These are wonderful things to be able to expect from your teams and and managers. However, bear in mind what is expected of you at the bottom of the totem pole:

1. You are the gate-keeper of information. Your account managers will often be overseeing all of the high-level activity in several accounts, not just yours. It’s up to you to be on top of every single detail and moving part within your account so that if they need to know if a client has sent their feedback on a release, you can update them right away.

2. You are the task master. If someone’s been assigned a new Washington Post target, you need to check and make sure they’ve been pitched. You need to be sure of everyone’s pitching progress at any time. You need to know everyone’s progress on everything at all times. Don’t be afraid to manage up on this one.

3. Your clients probably care. Client-facing emails, especially with small companies aren’t uncommon for the young AA or AAE. Typos (and believe me, I am THE WORST with typos, just read some of my past blogs) look so bad to clients. Doesn’t matter if it’s a short, logistical (“Please use the usual dial-in”) message or a large, content-heavy correspondence. Same for client deliverables – PR reports, tracking sheets, whether hard copies, PDFs or Google docs, these need to be flawless.

4. Your teams DO care. They definitely care if they can’t trust you to send simple messages that are error-free to clients. Especially avoidable errors. Spell-check and have them proofed (it’s a killer to your writer/communicator’s ego, but worth it when you start to pick up the nuances of client communications). Never send a client email without letting your team know, or CC-ing them (once again, please learn from MY mistakes here).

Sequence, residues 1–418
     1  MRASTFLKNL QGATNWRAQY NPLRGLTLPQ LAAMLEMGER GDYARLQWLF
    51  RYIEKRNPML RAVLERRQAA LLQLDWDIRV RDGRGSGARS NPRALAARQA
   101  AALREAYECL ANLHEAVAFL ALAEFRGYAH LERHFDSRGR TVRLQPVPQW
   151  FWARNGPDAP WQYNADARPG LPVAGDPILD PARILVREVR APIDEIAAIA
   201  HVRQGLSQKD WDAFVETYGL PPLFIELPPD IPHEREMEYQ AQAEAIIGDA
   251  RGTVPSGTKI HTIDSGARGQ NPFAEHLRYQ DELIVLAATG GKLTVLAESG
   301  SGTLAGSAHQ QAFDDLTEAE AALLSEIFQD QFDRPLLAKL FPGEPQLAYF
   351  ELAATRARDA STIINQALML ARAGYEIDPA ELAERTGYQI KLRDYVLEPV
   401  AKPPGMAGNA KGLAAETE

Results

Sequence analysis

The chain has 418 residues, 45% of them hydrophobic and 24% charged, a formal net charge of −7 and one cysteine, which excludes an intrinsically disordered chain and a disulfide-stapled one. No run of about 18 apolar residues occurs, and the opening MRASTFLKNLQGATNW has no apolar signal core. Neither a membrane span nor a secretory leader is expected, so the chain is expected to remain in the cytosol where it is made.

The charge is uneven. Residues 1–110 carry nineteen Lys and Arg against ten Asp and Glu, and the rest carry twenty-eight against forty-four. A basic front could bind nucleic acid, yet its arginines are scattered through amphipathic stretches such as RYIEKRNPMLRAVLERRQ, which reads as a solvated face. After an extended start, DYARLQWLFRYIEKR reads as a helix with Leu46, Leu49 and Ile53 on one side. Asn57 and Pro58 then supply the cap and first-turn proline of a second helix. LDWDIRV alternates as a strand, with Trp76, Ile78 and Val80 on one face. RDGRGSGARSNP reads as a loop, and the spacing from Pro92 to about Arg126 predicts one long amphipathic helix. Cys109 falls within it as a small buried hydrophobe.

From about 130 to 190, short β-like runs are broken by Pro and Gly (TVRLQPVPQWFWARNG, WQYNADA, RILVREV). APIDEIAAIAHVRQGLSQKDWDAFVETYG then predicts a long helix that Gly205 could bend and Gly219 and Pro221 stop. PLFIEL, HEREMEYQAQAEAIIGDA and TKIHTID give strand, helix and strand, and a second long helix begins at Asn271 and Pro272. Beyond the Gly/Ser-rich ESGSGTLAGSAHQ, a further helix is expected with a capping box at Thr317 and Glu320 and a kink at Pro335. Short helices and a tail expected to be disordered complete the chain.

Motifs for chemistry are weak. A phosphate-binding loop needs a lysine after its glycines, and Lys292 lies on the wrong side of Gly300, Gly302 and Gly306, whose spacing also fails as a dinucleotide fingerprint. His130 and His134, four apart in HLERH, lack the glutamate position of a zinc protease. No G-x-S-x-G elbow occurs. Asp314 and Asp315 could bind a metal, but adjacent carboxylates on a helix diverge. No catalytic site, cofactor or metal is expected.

5. It kind of becomes second nature. At some point you just learn how to do it without thinking about it. And you’ll find that as your organization increases so does your productivity. So it’s definitely worth the extra care and time that you put into it now.

6. Important: If you let them, disorganization and small mistakes WILL run the way you do things and define you as a professional. Small mistakes that go unchecked can quickly brand you as sloppy and unprofessional and will even faster become habits and harder to manage and rid yourself of.

This has been one of the most aggravating things to learn as I’ve gone out into the “real world.” Do whatever it takes to incorporate this into your work habits even if you’re cursing those detail oriented, anal-retentives who sit next to you. Eat some humble pie and learn from them.

*Organization tips to follow. Photo courtesy of Details magazine.

Stuff PR People Like

Piggy-backing one of my favorite blogs, these are some observations of a Pre-PRo and should be taken as such. However, I have to say, these are some things I’ve noticed as I’ve hung out with more of “you people” and when I ponder these and look at my future in PR, I’m good with it. Here’s why:

Stuff PR People Like (in no particular order):

  • Blogs, Blogging, the Blogosphere: We like being part of it all. We like the reciprocity. We give, you give back.
  • Business-Casual: We clean up pretty good. But we sure like to pair our heals or loafers with a nice pair of Seven jeans and a sweater rather than your usual pant-suite. It lets us not only show our personal style and trendiness, but it’s also damn comfortable.
  • San Francisco/Boston/New York City: Everywhere I applied had an office in one of these cities. I can explain SF and Boston – close enough to the news making action (NYC, Silicon Valley), but far enough away to deny association if necessary. New York? Meh – it is what it is. EVERY facet of the business world is there. Helloooo.